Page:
• Join over 1.2 million students every month
  • Accelerate your learning by 29%
  • Unlimited access from just £6.99 per month

Statistical Investigation

Extracts from this document...

Introduction

Statistical Investigation: Newspaper Comparison

For my statistical investigation coursework project, I have chosen to compare “The Sun” (tabloid) and “Financial Times” (broadsheet).

      I will analyse both of those newspapers for context and style and make comparisons between them. I will consider amounts of space devoted to different items such as, images, articles and headlines. Most importantly I will be analysing the readability in terms of word lengths.

      Finally I will conclude my investigation by commenting on the data collected and how my results relate to my initial hypothesis.

Tabloid: The Sun

Broadsheet: Financial Times

More images

More text

Large headline

Detailed

A3

A2 (usually)

Less complex language

More complex language  

Lower reading age

Higher reading age

Less content

More important news

Shorter words

Longer words

Hypothesises

  1. The pages of the tabloid will be covered with a larger area of images than the broadsheet.

     I will prove this by measuring the total area of the images on each front page of each newspaper and work that out as a percentage of the total area of each page, then compare.

  1. The headlines of the tabloid are larger than the headlines of the broadsheet.

     I will test this by measuring and comparing the sizes of the front page headlines of each paper.

  1. There is more space dedicated to the actual text in the front page article of the broadsheet than of the tabloid.

...read more.

Middle

     60

  1. Tabloid: 1 page of international news 1image02.pngimage03.png

                                                          60

Broadsheet: 5 pages of international news 5image04.pngimage05.png

                                                                 18

Readability

Hypothesis

I believe that the broadsheet newspaper will have a higher number of longer words than the tabloid and will therefore be harder to read.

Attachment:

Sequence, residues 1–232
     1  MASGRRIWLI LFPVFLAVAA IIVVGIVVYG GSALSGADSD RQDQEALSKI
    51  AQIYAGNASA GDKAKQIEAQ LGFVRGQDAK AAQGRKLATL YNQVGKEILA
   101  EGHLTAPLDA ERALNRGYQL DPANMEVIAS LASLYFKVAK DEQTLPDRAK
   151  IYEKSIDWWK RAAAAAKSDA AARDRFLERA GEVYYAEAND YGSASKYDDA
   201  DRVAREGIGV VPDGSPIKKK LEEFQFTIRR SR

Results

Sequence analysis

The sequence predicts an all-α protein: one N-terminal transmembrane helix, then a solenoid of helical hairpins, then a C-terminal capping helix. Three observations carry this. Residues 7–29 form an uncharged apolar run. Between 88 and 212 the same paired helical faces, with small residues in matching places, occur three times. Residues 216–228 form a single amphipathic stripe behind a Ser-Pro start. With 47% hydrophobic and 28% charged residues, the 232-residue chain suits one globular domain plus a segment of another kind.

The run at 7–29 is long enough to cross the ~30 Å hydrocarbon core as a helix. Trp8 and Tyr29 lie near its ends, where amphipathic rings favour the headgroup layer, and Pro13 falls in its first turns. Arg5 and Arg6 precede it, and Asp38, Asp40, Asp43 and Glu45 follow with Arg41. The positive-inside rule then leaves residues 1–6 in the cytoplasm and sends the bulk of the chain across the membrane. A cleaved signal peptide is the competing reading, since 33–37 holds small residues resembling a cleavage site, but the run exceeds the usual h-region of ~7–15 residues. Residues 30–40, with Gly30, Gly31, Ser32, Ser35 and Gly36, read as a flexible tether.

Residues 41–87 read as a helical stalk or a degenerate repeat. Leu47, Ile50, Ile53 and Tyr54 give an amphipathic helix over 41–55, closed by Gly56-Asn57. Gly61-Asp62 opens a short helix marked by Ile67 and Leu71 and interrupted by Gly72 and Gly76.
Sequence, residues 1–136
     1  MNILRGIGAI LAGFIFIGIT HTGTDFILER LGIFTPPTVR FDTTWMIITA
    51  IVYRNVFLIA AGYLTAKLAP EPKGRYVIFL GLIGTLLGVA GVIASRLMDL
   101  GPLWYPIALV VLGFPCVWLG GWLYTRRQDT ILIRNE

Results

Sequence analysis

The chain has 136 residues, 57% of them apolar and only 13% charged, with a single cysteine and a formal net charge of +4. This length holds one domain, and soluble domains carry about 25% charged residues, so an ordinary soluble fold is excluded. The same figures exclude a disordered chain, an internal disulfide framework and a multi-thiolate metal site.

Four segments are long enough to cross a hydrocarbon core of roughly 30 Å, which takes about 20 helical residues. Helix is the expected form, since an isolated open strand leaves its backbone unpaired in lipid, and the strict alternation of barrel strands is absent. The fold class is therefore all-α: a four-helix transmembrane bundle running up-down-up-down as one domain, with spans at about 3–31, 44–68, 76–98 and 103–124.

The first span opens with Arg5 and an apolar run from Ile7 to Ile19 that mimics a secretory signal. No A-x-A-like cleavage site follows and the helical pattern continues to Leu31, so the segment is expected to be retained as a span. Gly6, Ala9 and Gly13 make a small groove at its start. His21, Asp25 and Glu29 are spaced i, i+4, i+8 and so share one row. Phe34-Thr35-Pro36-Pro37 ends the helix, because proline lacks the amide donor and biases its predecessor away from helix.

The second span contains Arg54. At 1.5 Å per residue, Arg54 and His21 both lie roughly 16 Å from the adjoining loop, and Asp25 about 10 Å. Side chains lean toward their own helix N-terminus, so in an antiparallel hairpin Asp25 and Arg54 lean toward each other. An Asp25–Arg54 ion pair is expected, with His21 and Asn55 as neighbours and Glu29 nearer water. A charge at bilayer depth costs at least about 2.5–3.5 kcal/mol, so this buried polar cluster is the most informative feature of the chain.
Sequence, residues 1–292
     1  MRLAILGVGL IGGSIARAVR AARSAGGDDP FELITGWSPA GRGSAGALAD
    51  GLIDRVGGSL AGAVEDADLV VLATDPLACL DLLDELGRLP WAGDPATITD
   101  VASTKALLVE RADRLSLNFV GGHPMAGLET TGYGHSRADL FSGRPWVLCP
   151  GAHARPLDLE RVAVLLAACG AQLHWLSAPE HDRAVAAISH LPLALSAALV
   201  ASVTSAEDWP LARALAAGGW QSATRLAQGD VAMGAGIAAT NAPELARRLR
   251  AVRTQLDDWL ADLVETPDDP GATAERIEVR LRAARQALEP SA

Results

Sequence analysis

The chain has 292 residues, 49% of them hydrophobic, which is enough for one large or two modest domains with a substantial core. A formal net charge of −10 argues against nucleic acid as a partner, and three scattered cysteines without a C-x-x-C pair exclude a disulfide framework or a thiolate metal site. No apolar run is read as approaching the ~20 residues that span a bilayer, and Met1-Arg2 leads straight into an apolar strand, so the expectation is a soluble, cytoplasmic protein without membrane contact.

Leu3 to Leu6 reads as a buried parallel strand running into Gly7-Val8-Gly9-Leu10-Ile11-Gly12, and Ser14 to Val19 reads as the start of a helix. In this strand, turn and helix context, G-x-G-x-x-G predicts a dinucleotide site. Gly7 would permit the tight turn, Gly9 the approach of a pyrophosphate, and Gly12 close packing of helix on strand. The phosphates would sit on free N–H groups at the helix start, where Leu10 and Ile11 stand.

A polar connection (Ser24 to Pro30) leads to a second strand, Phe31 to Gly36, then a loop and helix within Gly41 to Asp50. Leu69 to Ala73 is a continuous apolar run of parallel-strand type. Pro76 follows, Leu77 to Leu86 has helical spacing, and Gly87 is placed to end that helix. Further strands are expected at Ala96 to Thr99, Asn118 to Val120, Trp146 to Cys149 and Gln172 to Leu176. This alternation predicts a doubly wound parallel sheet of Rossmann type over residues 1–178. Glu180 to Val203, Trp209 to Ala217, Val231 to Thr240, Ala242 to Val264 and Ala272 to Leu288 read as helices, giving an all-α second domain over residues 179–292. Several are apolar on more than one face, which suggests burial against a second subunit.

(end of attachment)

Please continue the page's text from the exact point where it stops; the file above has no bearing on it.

To prove this I will create two frequency tables of the number of letters in a word for each newspaper. The data will not be grouped. From these cumulative frequency tables I will construct two cumulative frequency graphs. I will also create two grouped frequency tables in order to also construct two histograms. I will analyse both the histogram and the cumulative frequency graph in order to find out whether my hypothesis is correct.

     To avoid bias I will collect a random sample of words. In order to do this I will use the RAN# button on my calculator. I will number each page in the tabloid from 1 to 60 and each page from the broadsheet 1 to 18. I will also number the first 200 words on each page 1 to 200.

      I will press SHIFTRAN#to give me a random number between 0 and 1 I will then multiply this number by 60 or 18 (depending on which newspaper it is that I am collecting data from) and then round it to an integer to identify the page of the newspaper. I will again press SHIFTRAN#to give a 2nd

...read more.

Conclusion

     The cumulative frequency graph also depicted a lot of information. The gradient of the tabloid is a lot steeper at the beginning of the graph, showing that most of the data is within the first quartile. As we go further down in the ‘x axis’ the line gets flatter. The lower quartile is 1.8 and the upper quartile is 5.6, giving an inter quartile range of 3.7 the inter quartile range for the tabloid is much less than that of the broadsheet showing a more consistent unbiased distribution centred around the Median.

The box plot diagram tells gives us another perspective of our data.